Lenticulostriate Arterial Lumina Are Normal in Cerebral Autosomal-Dominant Arteriopathy With Subcortical Infarcts and Leukoencephalopathy
A High-Field In Vivo MRI Study
Background and Purpose—Cerebral autosomal-dominant arteriopathy with subcortical infarcts and leukoencephalopathy (CADASIL) is a hereditary small vessel disease. Although postmortem studies have demonstrated mural thickening in leptomeningeal arteries and lenticulostriate perforating arteries, it is unclear whether this also leads to luminal narrowing. High-field MRI scanners enable in vivo imaging of the lumen of the lenticulostriate arteries. The aim of this study is to examine the luminal diameters of lenticulostriate arteries in living patients with CADASIL and to investigate whether luminal narrowing is correlated with the number of lacunar infarcts in the basal ganglia.
Methods—Twenty-two NOTCH3 mutation carriers and 11 healthy control subjects were examined using high-resolution 3-dimensional time-of-flight MR angiography imaging on a 7-T MRI scanner. Scans were analyzed for the presence of focal stenotic segments. The total number, length, and total cross-sectional area of lenticulostriate arteries were measured and compared between mutation carriers and control subjects. These measurements were correlated with age, disease duration, and number of lacunar infarcts in the basal ganglia.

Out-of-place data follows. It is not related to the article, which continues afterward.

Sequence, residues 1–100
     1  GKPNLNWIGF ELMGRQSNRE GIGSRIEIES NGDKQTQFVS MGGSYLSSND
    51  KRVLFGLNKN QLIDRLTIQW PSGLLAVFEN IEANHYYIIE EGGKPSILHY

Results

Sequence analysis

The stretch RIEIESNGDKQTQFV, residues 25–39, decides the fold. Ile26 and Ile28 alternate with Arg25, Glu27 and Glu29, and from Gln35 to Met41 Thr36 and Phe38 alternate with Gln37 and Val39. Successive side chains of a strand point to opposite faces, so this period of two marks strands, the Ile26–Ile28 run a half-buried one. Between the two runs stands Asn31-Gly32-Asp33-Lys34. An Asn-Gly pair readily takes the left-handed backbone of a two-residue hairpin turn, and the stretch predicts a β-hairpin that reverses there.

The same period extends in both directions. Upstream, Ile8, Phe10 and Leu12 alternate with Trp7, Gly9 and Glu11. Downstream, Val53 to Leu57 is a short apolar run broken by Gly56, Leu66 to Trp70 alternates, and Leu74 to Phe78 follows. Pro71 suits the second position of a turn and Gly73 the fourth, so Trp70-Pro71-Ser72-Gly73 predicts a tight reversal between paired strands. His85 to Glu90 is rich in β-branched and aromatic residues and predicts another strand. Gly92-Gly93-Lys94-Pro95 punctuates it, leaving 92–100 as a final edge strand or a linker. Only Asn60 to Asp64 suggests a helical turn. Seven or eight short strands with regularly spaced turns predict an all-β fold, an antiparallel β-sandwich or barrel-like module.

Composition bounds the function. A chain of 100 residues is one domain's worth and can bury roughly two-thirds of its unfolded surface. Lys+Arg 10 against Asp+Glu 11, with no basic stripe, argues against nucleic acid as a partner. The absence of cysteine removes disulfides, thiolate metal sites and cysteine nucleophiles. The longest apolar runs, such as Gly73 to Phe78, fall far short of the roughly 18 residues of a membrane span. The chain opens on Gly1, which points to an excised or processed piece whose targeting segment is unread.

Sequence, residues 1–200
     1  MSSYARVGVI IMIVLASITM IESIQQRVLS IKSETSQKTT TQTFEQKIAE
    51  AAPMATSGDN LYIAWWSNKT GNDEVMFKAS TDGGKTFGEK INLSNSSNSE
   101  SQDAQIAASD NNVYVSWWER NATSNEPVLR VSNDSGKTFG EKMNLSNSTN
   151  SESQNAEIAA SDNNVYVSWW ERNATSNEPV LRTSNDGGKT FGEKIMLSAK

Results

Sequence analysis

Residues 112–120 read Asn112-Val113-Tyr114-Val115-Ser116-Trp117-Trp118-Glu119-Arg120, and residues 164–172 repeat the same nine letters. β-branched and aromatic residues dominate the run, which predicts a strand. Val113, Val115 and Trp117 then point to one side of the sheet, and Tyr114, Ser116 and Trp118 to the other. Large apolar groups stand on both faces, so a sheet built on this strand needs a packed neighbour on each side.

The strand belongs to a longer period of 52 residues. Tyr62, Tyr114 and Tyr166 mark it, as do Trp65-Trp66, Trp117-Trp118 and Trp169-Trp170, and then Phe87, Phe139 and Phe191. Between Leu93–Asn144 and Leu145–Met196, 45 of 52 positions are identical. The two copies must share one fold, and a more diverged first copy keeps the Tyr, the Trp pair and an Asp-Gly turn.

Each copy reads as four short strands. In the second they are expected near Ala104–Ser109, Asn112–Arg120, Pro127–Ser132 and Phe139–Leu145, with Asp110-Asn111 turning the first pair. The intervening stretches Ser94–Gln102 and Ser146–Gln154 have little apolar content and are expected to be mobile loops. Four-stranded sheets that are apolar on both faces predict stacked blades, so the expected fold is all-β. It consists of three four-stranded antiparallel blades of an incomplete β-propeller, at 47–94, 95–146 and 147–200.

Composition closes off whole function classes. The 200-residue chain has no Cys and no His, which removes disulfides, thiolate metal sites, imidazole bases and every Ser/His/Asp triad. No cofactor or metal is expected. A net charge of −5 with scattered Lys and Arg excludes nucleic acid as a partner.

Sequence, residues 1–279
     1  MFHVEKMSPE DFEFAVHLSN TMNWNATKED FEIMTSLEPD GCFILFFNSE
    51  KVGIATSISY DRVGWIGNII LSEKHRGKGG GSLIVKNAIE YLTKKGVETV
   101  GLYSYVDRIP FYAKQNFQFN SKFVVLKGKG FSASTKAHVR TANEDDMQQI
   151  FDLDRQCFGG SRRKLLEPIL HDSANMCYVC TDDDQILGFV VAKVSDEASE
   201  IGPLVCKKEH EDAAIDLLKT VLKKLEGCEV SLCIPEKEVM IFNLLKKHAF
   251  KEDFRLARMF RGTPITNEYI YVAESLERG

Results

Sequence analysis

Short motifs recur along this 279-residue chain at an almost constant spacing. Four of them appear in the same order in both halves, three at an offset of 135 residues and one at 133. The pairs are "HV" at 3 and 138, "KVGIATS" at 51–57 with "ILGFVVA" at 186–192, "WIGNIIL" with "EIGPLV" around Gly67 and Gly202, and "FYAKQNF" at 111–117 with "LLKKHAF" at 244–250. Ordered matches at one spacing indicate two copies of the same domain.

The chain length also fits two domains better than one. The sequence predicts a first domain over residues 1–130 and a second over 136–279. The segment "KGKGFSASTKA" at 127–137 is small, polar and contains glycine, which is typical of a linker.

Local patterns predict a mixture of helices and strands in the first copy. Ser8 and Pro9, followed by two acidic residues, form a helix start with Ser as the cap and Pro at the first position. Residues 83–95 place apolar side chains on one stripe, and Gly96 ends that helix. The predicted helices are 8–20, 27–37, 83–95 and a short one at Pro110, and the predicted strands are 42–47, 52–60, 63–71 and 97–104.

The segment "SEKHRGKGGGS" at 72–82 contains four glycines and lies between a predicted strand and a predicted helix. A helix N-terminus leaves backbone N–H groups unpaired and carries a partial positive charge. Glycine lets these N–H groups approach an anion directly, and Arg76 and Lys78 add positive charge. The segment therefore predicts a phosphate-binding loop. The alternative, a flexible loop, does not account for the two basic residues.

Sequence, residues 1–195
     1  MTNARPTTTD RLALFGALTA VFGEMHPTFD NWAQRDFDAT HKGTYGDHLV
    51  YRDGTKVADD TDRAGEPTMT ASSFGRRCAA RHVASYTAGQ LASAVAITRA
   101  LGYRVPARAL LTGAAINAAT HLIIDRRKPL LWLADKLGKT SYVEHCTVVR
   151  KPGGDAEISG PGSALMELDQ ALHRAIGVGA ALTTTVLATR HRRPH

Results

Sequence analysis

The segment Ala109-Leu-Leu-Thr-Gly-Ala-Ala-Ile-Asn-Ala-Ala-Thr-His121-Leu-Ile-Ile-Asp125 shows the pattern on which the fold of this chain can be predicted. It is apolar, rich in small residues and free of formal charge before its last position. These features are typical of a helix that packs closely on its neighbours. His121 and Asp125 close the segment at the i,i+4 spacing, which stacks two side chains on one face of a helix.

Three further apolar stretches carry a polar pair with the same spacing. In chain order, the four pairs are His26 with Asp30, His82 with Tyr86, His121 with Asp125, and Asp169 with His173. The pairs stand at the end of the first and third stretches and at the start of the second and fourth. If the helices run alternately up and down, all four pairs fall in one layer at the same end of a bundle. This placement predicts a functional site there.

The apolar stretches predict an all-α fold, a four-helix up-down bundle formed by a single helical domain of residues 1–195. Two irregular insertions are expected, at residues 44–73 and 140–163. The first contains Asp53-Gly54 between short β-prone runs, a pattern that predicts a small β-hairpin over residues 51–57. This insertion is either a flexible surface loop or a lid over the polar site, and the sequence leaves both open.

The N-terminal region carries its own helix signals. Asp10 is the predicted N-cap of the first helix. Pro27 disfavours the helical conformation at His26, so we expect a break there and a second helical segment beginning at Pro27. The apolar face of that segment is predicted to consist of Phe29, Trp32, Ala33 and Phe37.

Results—No stenotic segments were observed. No differences between mutation carriers and control subjects were found in total number of end branches (mutation carriers: mean, 14.6; control subjects: mean, 12.8), length of the lenticulostriate system, or total cross-sectional area of lenticulostriate artery lumina. Measurements of lenticulostriate artery lumina were not associated with lacunar infarct load in the basal ganglia area or with basal ganglia hyperintensities.
Conclusions—Three-dimensional time-of-flight MR angiographic on 7 T showed no differences in luminal diameters of lenticulostriate arteries between patients with CADASIL and control subjects.
Cerebral autosomal-dominant arteriopathy with subcortical infarcts and leukoencephalopathy (CADASIL) is a hereditary form of small vessel disease caused by mutations in the NOTCH3 gene.1 Pathological hallmarks are degeneration of vascular smooth muscle cells, deposition of granular osmiophilic material, and fibrous thickening of vessel walls.2 It remains unclear whether stenosis, reduced cerebrovascular reactivity, or a combination of both underlies the impaired cerebral blood flow in CADASIL.3–6 The vessels most affected are the leptomeningeal arteries supplying the white matter and the lenticulostriate perforating arteries supplying the deep gray nuclei.7–9 The MRI abnormalities in these brain structures in patients with CADASIL consist of white matter hyperintensities, lacunar infarcts, and cerebral microbleeds.10
To date, vessel wall pathology could only be investigated in postmortem brain tissue. This as well as generally low numbers of patients examined in postmortem studies has only given limited information about the possible hemodynamic consequences of arteriolar wall thickening in CADASIL. One study, based on 4 brain specimens, demonstrated significantly smaller luminal diameters of leptomeningeal arteries in patients with CADASIL but found only a nonsignificant trend to luminal narrowing in lenticulostriate penetrating arteries.4 In living patients with CADASIL, the extent of luminal narrowing has not been studied because cerebral angiography is contraindicated in CADASIL11 and MRI scanners at clinical field strengths (1 to 3 T) have insufficient spatial resolution to visualize these small vessels. However, recent developments in high-field (7 T and above) MRI scanners have made it possible to directly visualize the lenticulostriate perforating arteries in vivo.12,13